Bloomberg News

South Korea Plans Deficit Cut as Europe Debt Crisis Lingers

September 26, 2011

(Updates with consumer sentiment data in ninth paragraph.)

Sept. 27 (Bloomberg) -- South Korea’s government plans to cut its fiscal deficit next year as the European sovereign debt crisis underscored the need for global policy makers to control their borrowing.

Total spending will rise 5.5 percent to 326.1 trillion won ($273 billion), while tax revenue will gain 9.5 percent to 344.1 trillion won, the Ministry of Strategy and Finance said in its budget proposal for 2012 released today. The government’s deficit will shrink to 14.3 trillion won, or 1 percent of gross domestic product in 2012, from 25 trillion won, or 2 percent this year, according to its calculations.

European shares gained yesterday on speculation officials will intensify their attempt to contain a debt crisis that threatens to send Greece into default. South Korea’s government said it aims to balance the budget in 2013 and post a surplus equivalent to 0.3 percent of the economy by 2015.

“The European debt crisis shows what will happen if fiscal debt gets out of control,” said Kong Dong Rak, a fixed-income analyst at Taurus Investment & Securities Co. in Seoul. “The government wants to improve its fiscal standing rather than boosting the economy through stimulus measures.”

The won rose 1.2 percent to 1,178.71 per dollar as of 10:34 a.m. in Seoul, according to data compiled by Bloomberg. The Kospi stock index gained 3.5 percent. South Korea’s three-year bonds advanced, with the yield on the 3.5 percent debt falling two basis points, or 0.02 percentage point, to 3.47 percent, Korea Exchange Inc. prices show.

’Systemic Risk’

“A big worry now is that the current situation would not be just limited to a fiscal crisis in a couple of countries, but likely lead to a systemic risk to the overall global economy,” Finance Minister Bahk Jae Wan said in a statement for the annual meetings of the International Monetary Fund and World Bank in Washington on Sept. 23.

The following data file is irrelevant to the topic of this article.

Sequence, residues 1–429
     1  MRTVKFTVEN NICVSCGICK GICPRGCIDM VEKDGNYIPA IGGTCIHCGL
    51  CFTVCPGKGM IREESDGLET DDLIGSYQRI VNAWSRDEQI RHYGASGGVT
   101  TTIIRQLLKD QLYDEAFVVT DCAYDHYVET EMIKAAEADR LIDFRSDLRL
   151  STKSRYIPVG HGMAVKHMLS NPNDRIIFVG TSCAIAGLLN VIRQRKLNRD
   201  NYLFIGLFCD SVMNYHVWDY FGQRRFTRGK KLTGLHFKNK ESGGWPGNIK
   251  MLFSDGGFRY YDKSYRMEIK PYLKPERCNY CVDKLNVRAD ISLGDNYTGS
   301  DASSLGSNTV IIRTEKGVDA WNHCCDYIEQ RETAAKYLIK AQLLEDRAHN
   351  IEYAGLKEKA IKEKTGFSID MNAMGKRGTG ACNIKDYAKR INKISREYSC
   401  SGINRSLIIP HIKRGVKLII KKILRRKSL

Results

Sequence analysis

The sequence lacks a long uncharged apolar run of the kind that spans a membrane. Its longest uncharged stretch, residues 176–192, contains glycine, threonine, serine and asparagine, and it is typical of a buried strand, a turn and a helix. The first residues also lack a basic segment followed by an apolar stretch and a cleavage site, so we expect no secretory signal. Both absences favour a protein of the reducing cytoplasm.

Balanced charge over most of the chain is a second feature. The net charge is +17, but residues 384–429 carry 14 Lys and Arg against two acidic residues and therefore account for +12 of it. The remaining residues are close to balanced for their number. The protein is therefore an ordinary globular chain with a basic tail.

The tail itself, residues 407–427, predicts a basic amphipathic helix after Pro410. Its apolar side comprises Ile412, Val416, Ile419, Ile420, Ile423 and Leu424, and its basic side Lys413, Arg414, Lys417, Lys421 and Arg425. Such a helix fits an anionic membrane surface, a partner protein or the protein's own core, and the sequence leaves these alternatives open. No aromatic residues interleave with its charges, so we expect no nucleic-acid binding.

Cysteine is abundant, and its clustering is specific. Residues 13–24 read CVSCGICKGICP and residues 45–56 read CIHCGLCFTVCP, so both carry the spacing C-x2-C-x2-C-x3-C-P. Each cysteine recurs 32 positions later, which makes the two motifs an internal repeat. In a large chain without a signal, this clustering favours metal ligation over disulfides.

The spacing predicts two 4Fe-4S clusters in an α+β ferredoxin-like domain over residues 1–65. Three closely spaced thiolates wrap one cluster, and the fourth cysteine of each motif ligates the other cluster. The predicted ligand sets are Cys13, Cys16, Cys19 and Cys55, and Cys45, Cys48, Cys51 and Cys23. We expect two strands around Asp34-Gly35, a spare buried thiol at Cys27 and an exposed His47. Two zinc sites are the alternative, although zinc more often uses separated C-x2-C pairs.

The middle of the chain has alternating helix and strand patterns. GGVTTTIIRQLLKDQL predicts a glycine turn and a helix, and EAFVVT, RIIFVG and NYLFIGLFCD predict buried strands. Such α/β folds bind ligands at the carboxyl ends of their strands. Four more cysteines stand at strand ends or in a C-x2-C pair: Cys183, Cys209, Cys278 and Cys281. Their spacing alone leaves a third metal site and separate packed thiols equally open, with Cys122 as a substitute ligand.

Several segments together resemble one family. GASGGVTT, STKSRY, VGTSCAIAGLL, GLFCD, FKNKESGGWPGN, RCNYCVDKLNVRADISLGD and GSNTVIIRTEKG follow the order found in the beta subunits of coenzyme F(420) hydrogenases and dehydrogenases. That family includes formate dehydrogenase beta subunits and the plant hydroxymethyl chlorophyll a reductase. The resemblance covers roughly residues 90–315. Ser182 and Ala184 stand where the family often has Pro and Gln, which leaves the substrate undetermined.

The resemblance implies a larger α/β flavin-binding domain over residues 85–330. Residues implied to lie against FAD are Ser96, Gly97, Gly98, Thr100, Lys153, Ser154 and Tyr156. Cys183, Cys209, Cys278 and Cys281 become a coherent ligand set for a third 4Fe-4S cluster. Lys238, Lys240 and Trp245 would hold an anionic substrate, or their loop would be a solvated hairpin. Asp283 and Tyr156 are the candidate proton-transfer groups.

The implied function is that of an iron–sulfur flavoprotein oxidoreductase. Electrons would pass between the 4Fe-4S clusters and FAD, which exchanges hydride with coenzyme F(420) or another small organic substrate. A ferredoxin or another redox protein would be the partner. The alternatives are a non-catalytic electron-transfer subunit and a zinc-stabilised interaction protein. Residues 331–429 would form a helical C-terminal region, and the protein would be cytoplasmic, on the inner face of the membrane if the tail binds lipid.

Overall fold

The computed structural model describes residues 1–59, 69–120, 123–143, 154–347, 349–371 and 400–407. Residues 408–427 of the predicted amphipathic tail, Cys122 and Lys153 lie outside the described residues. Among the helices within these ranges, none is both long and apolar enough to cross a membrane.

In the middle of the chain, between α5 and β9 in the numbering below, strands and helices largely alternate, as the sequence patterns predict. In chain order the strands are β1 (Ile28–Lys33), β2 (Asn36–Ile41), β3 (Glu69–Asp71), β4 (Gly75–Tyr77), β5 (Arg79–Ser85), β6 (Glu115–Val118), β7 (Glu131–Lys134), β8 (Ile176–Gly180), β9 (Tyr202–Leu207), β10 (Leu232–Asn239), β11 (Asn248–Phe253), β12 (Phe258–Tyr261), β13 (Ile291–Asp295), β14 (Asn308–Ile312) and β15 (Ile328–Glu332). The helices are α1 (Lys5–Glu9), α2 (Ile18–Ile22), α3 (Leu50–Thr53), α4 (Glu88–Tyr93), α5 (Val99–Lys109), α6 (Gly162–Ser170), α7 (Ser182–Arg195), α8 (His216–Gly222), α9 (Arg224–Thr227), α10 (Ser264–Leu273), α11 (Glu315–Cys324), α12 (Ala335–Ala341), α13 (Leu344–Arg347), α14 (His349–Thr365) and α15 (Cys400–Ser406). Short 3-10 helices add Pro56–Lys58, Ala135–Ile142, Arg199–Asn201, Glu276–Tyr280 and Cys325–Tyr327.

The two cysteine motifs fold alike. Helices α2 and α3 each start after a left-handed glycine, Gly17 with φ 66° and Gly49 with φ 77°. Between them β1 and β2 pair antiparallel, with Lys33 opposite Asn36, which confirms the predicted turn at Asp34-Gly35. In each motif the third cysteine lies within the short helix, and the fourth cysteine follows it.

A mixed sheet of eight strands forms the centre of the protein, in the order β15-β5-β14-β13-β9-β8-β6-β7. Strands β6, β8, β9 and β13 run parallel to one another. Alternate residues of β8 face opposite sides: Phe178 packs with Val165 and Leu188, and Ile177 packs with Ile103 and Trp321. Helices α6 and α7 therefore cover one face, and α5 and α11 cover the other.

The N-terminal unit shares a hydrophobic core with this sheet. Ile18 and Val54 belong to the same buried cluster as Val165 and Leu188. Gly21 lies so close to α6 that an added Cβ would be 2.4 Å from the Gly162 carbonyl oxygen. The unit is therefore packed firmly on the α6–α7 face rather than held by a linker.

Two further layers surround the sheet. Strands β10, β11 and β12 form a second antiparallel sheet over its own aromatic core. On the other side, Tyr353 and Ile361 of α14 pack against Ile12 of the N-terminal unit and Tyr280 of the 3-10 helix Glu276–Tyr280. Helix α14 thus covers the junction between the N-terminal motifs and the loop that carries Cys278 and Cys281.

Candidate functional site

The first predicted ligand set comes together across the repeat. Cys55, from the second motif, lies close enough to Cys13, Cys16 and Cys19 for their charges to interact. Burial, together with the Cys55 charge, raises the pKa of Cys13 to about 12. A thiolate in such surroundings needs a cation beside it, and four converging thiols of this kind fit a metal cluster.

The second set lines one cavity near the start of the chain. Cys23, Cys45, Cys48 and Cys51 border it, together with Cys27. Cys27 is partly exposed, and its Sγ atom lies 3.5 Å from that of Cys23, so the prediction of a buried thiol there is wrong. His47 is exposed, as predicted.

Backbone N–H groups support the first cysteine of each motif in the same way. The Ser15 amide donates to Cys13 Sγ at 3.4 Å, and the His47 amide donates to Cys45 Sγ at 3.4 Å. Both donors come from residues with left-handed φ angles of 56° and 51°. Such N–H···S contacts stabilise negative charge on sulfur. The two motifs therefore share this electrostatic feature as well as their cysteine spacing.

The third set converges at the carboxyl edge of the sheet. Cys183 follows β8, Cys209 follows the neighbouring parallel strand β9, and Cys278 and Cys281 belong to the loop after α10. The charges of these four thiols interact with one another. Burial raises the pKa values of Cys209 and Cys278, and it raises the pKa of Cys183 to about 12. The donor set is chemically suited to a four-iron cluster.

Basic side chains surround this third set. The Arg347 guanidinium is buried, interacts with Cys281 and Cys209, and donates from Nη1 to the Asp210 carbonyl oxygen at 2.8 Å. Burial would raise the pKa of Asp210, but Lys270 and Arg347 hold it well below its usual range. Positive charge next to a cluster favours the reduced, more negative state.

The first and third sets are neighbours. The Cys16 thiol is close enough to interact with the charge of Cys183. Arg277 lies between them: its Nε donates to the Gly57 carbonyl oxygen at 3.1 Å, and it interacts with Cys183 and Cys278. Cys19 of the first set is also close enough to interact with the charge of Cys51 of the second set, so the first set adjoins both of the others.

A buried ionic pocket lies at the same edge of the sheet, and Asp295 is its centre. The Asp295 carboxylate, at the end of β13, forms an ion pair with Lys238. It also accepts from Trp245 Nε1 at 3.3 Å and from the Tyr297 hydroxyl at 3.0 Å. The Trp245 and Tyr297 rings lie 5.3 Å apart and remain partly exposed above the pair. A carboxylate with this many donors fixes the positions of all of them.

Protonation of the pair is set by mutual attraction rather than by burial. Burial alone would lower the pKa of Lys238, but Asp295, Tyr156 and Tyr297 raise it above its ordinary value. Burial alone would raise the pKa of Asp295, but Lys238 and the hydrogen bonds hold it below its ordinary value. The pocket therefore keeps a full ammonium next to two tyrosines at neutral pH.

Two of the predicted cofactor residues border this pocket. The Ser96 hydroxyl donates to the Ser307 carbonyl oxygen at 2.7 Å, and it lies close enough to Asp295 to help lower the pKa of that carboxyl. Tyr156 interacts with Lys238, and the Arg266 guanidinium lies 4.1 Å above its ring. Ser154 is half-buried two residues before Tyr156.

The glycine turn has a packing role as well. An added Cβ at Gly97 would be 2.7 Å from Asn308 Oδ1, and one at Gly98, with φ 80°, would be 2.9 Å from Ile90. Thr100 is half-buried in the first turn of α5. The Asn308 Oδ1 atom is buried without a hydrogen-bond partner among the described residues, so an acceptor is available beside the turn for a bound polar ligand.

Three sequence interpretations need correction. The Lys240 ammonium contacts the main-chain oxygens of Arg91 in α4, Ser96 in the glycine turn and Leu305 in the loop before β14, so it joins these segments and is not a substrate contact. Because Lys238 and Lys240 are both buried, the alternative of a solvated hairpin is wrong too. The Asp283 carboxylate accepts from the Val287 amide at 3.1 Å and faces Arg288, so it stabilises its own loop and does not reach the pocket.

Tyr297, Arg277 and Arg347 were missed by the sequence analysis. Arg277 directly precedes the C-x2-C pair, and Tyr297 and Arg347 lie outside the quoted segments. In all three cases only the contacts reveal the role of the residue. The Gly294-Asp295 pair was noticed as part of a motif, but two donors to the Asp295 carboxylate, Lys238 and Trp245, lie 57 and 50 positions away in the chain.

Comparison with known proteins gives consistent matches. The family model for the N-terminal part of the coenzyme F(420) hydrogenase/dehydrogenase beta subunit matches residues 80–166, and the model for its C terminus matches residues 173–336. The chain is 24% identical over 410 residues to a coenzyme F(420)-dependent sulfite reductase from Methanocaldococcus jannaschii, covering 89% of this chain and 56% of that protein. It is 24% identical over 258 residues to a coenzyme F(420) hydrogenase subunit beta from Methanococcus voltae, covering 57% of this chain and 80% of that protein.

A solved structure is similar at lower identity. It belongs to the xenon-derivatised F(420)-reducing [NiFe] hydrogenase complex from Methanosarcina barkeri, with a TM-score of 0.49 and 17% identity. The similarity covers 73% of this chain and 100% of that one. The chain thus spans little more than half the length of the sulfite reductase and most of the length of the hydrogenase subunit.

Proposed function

South Korea also needs to cut its borrowings to grapple with a fast-aging society and low birth rate, the ministry said. National debt will be 32.8 percent of GDP next year, compared with an estimated 35.1 percent this year, it said.

The nation’s economy will grow at an annual pace of about mid-4 percent between 2011 and 2015, the ministry said. The IMF cut its forecast for South Korea’s GDP to 4 percent expansion from 4.5 percent for this year on Sept. 20. The economy grew 3.4 percent in the second quarter from a year earlier, the slowest pace in seven quarters.

Consumer Confidence

Reflecting South Korean consumers’ concern that the nation’s economic outlook may worsen, consumer confidence in September stayed at the lowest level since March, according to a Bank of Korea report released today.

Welfare expenditures will increase 6.4 percent, education outlays will rise 9.3 percent and defense spending will gain 5.6 percent next year, according to the ministry’s proposed budget. Infrastructure outlays will decline 7.3 percent.

The government expects about 900 billion won in revenue from selling part of its stake in Korea Development Bank and around 1 trillion won from the sale of Industrial Bank of Korea shares next year, the finance ministry said in a separate statement today. It also plans to sell about 400 billion won worth of its share in Incheon International Airport Corp.

The calculation of the fiscal deficit excludes state social security funds.

--Editors: Ken McCallum, John Brinsley

To contact the reporter on this story: Eunkyung Seo in Seoul at

To contact the editor responsible for this story: Paul Panckhurst at

The Good Business Issue
blog comments powered by Disqus